Sunday, December 07, 2008

Different strokes

I don't write about the loss of my mother on my blog in order to make you feel sorry for me. Rather, I have in mind a fridge magnet I once gave my mother which says "When your heart speaks, take good notes," and also a quote from Cecil Day-Lewis: "We write not to be understood, we write to understand." That's why I kept the original journal about my father's death (read here.) I can't write about the days surrounding my mother's death because it's much too painful to bring to mind.

What is intriguing me at the moment (I am a psychologist when all's said and done) is the fact that losing my mother is not like the experience of losing my father. I found out when my father died that everyone experiences the loss of a parent differently, but I didn't realise then that every bereavement is different, too.

Anger is a stage of grief - if you listen to received wisdom - but I didn't feel angry when my father died. I just felt incredulous that people should be expected to bear the pain of losing someone they loved forever - that this should be a normal part of life. But this time I do seem to have a hard kernel of rage inside me. Why? How could I be angry with my mother for leaving? She was 91. She was tired. She was a wonderful mother - giving me so much. And I know how lucky I was to have such a mother. So why am I angry? It's irrational.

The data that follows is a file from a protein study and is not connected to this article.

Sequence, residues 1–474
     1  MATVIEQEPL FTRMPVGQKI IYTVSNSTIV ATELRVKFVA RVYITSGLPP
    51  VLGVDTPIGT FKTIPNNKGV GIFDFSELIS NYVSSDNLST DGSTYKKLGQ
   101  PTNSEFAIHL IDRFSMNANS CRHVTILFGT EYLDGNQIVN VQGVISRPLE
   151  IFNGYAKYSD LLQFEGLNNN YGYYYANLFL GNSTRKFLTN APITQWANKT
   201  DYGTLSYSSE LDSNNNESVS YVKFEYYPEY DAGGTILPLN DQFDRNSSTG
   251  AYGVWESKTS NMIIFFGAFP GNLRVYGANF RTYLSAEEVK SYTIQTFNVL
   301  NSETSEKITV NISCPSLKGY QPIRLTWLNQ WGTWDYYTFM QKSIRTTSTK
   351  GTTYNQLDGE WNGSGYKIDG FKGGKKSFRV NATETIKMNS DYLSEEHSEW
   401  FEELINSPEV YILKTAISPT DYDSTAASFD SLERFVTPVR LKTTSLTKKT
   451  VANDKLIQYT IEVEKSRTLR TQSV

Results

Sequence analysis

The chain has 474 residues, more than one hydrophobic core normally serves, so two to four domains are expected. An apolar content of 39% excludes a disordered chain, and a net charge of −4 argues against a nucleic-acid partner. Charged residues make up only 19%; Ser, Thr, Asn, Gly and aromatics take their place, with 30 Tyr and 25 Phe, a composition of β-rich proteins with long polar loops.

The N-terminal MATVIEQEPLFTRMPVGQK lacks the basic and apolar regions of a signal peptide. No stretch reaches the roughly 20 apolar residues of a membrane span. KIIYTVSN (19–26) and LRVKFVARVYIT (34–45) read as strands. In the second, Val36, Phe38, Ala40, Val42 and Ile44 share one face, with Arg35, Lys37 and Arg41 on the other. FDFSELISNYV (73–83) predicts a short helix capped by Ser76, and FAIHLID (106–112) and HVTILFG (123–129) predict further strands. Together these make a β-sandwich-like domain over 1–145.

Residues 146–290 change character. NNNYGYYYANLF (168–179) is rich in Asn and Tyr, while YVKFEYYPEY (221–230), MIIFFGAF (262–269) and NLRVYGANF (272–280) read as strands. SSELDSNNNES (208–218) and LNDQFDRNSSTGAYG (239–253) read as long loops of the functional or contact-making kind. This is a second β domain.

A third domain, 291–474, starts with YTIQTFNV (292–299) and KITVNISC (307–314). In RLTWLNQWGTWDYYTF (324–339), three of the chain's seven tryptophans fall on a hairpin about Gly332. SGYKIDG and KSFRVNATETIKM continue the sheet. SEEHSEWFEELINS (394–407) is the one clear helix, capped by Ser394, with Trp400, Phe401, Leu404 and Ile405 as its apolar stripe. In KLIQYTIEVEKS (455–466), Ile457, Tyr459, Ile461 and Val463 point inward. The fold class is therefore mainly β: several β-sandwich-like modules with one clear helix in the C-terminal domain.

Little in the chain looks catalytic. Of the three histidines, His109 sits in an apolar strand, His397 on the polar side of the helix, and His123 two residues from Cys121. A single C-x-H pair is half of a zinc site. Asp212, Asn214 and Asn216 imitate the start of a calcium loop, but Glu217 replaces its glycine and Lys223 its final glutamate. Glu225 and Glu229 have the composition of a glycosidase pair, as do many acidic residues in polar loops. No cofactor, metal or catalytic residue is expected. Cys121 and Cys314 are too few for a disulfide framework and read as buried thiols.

And yesterday, when the phone rang at teatime I was expecting to hear her voice "It's Ma here."

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